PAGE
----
Today was Charis' birthday and she and Craig invited us to Mazamitla to celebrate the day. We'd not been to the mountain town on the south side of the lake, and were excited to see this 7000 foot elevation natural treasure. The huaraches that I have worn now for more than 15 years were made in Mazamitla, so it seemed fitting for them to return to their home place.
But before heading to Mazamitla, we decided to stop in the lakeside town of San Cristobal Zapotitlan, where the women's weavers cooperative is located and where they create wonderful corn husk and palm weavings. This would be Charis and Craig's first time at the cooperative and we knew they'd be overjoyed to experience this special place and meet the women of the collective.
Palm for basket weaving.
Each bundle is labeled with the name of the woman who will be weaving with this local material, making beautifully crafted work.
Some of the craft for sale at the cooperativa store
More raw material for the women weavers
Corn husk figures
Un pedido (special order)
Special orders arrive all the time to the weaver's cooperative. They may make a large order of figures as table centerpieces for a baptismal fiesta, first communion party, birthday celebration or wedding. Given a few weeks of time, these orders are custom made from top to bottom.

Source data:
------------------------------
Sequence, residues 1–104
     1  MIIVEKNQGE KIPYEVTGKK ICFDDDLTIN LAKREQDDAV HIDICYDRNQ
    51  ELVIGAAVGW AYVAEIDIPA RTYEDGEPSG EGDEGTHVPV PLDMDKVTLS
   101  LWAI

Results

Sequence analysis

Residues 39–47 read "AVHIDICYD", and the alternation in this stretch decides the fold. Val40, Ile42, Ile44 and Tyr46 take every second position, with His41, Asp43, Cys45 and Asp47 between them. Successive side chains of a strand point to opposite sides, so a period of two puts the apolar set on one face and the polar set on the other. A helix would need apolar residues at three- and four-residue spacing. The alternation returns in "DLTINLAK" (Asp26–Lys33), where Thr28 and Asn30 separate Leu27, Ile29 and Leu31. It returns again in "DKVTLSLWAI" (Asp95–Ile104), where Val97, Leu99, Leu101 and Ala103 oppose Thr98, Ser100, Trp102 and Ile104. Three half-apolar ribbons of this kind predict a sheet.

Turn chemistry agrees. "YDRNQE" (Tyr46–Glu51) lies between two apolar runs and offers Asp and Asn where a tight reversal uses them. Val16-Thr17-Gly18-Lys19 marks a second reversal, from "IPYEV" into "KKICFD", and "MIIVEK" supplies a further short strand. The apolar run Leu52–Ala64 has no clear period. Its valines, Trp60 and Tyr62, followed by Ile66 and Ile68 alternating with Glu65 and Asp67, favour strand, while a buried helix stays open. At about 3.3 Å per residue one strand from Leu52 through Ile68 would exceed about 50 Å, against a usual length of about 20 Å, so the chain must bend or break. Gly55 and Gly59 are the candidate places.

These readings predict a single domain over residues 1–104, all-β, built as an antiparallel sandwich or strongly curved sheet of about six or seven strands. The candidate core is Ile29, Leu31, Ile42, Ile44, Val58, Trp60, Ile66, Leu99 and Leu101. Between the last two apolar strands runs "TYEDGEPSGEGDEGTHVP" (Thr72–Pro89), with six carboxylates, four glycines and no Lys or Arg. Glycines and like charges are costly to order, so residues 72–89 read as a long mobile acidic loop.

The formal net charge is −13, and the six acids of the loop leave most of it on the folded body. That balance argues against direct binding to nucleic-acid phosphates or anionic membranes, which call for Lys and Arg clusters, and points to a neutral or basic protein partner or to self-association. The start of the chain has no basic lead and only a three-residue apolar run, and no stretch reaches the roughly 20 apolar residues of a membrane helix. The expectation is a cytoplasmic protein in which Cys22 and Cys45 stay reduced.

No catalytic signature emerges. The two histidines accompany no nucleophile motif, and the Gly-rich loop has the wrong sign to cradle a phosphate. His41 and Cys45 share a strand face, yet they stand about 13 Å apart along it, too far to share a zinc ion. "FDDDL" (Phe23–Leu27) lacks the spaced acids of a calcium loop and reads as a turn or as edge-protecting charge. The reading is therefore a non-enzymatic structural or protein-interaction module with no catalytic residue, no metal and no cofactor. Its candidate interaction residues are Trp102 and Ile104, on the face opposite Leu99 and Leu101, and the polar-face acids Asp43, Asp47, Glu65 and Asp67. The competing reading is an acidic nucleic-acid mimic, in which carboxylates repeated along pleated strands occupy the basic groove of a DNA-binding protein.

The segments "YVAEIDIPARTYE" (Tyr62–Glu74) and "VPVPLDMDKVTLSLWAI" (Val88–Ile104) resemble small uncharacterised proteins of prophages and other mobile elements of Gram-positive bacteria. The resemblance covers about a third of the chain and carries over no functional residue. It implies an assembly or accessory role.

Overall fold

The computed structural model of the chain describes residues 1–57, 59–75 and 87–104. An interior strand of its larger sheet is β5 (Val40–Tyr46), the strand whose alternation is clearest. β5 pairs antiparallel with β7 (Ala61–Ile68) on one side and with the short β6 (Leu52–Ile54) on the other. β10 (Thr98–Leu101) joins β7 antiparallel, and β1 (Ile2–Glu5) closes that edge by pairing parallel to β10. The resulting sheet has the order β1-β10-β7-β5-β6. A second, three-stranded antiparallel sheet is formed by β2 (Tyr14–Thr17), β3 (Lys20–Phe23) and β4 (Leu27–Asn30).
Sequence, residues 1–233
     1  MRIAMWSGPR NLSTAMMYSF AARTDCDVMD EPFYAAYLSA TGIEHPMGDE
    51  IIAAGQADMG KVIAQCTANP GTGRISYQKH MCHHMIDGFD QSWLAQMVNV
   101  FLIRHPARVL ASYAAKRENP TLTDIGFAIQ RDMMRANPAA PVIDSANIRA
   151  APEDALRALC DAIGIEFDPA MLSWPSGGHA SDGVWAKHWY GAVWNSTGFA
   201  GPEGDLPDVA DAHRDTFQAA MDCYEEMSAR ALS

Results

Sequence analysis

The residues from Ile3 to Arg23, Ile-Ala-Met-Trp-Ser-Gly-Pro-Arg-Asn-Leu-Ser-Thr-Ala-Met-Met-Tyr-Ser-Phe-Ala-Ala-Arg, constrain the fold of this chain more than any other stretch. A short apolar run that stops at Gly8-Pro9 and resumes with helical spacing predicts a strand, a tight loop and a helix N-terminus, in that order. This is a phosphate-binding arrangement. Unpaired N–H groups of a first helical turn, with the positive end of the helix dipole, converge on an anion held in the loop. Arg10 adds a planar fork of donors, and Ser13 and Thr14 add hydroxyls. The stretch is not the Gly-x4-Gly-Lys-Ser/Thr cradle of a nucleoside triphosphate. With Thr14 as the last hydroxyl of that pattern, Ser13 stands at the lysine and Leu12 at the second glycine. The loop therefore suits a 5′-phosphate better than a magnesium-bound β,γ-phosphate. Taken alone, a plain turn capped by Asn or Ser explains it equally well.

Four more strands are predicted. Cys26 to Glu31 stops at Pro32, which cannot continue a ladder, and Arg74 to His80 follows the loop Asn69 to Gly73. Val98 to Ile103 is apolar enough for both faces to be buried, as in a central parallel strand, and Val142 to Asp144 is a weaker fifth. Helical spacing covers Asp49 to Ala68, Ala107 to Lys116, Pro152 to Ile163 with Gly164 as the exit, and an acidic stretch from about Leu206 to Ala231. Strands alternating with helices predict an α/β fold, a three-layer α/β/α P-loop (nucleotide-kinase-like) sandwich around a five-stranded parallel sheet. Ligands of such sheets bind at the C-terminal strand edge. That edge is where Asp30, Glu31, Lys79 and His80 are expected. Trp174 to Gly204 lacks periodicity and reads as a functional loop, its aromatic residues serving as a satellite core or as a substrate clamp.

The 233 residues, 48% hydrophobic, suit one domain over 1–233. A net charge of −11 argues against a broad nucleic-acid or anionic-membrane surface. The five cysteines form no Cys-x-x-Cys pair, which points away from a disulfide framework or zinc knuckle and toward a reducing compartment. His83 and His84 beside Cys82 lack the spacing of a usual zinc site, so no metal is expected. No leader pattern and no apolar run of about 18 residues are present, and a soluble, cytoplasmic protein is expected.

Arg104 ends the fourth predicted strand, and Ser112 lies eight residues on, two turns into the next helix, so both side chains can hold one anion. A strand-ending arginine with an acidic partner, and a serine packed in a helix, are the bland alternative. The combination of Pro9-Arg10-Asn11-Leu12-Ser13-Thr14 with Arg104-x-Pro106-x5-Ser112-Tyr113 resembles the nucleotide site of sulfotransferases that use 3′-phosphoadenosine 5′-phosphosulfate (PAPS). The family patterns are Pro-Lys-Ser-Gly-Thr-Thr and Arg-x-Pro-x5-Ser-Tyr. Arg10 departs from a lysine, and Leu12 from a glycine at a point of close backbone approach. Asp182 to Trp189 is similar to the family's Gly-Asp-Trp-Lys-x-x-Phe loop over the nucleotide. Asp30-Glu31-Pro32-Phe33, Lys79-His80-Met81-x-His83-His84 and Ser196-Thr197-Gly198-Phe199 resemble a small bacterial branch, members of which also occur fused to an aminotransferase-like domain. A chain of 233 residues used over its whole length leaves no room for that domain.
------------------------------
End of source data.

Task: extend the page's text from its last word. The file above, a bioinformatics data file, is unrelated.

Happy visitors and shoppers
Carretera to Mazamitla
So loaded up with baskets, figures, flowers we headed to our destination, climbing up from the lake's shore to the mountain village of Mazamitla.
Brad picking lamb's quarter and Charlie guarding
We stopped to stretch our legs and for a bit of refreshment. Brad wandered off to study the local flora and found lamb's quarter, which he picked and I cook in a yummy breakfast omelet the next morning. We love our wild greens!
View from our lunch spot Quinta Del Bosque
Entrance to Quinta Del Bosque
Mazamitla main plaza
Mazamitla (La Capital de la Montaña) is a town and municipality and is a popular resort destination for travelers from Guadalajara. Its name comes from the Nahuatl and means "place where arrows to hunt deer are made". The municipality has 11671 inhabitants and is known for its natural beauty. It is considered by the federal Secretariat of Tourism as a Pueblo Mágico.
Strollin' and shoppin'
The town's streets are centered around their main plaza, as are most villages in Mexico. Mazamitla has also created a pedestrian avenue full of quaint, small shops and eateries offering local delicacies such as fruit in syrup and milk based candies.
Taking time to play
Antique Mexican toys are found throughout the area. Brad found a rolling penguin toy most enjoyable and showed us how it is done.
If you can't make time to play, then what's the point?
So from us to you, enjoy when you can.
Salud, amor y pesetas para gozar!